6 helpful tips to protect your pet from sneaky parasites

As the days get longer and warmer, pets and their owners are eager to get out and enjoy the fresh air. Although spring is the start of picnics, strolls through the park, hiking, and other outdoor activities, it also marks the beginning of tick and flea season.

Ticks and fleas are small parasites that live off the blood of cats, dogs, humans, and other mammals.


Photo courtesy of avma.org

Ticks typically hide in leaves or grass and climb onto an unsuspecting animal when it brushes by. If a tick burrows into your pet’s skin, they may transmit serious illnesses, such as Lyme Disease, Babesiosis, Ehrlichiosis, and Rocky Mountain Spotted Fever. Areas with sandy soil, trees, rivers, and the presence of deer usually signify a dense tick population.

Fleas are much more agile and can jump from one animal or object to another with ease. Flea eggs are resistant to many cleaners and flea control products, which means they have the ability to grow into an adult and cause risk to your pet. A flea bite can cause Flea Allergy Dermatitis (FAD), Anemia, Tapeworm, and Rickettsiosis, which may result in skin conditions, lethargy, or other serious health effects.

Keep your pet covered with these 6 helpful tips:

  1. Tick and flea preventative should be administered year-round starting at 8 weeks of age. Although ticks and fleas tend to show up in the warmer months when more time is spent outdoors, larvae and adults can hide out in a multitude of places, such as other animals, bushes, and shrubbery, as well as in flooring, carpets, and sofas in your home.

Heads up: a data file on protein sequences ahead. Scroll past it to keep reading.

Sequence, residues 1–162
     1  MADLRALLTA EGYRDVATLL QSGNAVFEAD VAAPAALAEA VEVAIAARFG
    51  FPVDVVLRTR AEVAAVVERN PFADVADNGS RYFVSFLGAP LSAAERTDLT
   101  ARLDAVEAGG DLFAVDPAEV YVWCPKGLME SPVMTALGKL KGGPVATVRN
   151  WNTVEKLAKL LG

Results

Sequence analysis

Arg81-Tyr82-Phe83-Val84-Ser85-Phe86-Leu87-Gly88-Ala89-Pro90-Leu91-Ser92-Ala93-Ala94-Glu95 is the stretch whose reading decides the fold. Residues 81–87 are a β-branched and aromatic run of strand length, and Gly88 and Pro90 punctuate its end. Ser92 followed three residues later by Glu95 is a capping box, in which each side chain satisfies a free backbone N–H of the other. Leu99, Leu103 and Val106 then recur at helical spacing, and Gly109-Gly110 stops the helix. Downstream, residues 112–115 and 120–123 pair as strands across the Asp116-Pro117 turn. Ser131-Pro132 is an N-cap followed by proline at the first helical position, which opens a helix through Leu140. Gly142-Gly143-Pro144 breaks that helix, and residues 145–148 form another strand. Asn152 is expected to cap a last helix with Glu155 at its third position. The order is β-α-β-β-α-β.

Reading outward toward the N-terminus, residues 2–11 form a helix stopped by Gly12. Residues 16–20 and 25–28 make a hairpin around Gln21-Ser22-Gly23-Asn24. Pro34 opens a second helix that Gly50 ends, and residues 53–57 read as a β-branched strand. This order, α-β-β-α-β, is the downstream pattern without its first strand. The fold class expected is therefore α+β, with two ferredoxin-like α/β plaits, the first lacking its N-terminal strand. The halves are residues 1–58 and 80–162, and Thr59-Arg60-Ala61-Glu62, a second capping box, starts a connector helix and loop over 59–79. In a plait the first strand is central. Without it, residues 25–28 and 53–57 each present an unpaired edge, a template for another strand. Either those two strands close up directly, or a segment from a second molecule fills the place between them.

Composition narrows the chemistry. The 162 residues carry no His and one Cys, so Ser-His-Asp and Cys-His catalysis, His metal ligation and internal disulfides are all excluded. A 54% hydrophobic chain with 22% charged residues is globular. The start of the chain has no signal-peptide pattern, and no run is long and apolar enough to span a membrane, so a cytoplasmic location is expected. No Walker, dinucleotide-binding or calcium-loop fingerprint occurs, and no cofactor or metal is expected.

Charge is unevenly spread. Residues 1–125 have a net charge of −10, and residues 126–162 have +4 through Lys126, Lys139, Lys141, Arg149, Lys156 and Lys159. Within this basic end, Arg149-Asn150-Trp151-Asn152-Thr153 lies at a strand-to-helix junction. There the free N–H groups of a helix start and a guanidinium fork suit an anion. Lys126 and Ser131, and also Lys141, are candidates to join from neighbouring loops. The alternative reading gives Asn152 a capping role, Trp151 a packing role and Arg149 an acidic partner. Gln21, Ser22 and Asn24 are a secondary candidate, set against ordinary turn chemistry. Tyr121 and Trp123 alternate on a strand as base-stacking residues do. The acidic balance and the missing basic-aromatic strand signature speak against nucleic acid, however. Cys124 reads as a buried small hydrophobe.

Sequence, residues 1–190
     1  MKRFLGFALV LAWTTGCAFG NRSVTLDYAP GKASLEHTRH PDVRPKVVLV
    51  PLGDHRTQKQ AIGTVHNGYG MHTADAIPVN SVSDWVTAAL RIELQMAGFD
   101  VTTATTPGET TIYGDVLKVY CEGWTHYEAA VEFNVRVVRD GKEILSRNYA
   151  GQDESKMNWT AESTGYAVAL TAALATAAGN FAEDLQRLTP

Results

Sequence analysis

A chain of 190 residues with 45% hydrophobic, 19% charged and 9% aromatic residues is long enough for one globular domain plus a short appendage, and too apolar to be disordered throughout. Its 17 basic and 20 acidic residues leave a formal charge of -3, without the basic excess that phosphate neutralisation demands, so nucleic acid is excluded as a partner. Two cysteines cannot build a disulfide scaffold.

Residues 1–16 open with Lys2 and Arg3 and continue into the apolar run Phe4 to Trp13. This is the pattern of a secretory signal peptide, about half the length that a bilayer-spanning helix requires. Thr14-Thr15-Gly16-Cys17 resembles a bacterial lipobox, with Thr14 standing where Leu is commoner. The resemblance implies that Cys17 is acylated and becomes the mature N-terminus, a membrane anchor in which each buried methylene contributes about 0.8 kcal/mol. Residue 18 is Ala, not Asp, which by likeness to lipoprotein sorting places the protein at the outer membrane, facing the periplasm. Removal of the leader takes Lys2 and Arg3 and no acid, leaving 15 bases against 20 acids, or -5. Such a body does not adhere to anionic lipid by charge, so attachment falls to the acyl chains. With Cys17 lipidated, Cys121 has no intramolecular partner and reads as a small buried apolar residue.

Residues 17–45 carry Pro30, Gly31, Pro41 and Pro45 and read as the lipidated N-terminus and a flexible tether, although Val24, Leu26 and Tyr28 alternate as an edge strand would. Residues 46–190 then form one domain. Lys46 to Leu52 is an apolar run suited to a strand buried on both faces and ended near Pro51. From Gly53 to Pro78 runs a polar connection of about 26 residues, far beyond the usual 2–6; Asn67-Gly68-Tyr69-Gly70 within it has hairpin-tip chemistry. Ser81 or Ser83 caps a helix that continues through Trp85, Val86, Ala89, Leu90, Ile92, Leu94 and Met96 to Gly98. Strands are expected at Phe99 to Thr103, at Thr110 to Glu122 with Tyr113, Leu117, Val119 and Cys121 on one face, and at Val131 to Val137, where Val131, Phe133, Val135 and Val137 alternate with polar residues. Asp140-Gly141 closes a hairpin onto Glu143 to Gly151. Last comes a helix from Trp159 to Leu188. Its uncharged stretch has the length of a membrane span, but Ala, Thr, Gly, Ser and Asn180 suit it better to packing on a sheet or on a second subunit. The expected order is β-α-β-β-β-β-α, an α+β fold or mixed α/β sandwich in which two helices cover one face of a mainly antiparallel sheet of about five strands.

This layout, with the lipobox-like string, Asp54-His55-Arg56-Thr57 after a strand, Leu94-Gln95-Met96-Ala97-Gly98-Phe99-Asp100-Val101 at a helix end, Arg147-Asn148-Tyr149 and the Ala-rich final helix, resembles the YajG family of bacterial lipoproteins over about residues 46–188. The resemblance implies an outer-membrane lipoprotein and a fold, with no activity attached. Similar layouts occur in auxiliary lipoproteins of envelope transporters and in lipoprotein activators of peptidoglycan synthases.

2. Don’t give ticks and fleas a chance to invade your home. Outdoors, cover waste bins, crawl spaces, and overgrown grass and shrubbery where ticks, fleas, and infected wildlife could hide. Indoors, vacuum carpets and sofas frequently and periodically wash your pet’s blankets, bed, and fabric toys in hot water and dry on high heat.
  3. Pets are good about hiding the “evidence.”  Cats, in particular, are very good at grooming adult fleas and ticks off of themselves. Just because you don’t see them, doesn’t mean they’re not there.
  4. Make “tick checks” part of your routine. When you settle down with your pet for their daily scratch session, pay extra close attention. If you spot a tick, remove it right away with a pair of fine-tipped tweezers. Grasp the tick as close to the skin as possible and pull directly outward with steady force. Don’t forget to disinfect the bite area thoroughly after tick removal.
  5. Your pet may not show symptoms of being bitten by a tick or flea right away. In most cases, you will not actually see a tick or flea unless your pet has an allergic reaction to the bite(s). Only a blood test taken by your pet’s veterinarian can confirm an illness was transmitted by a tick or flea.
  6. Don’t wait, start now. If you haven’t already, ask your veterinarian about starting a preventative tick and flea treatment plan for your pets.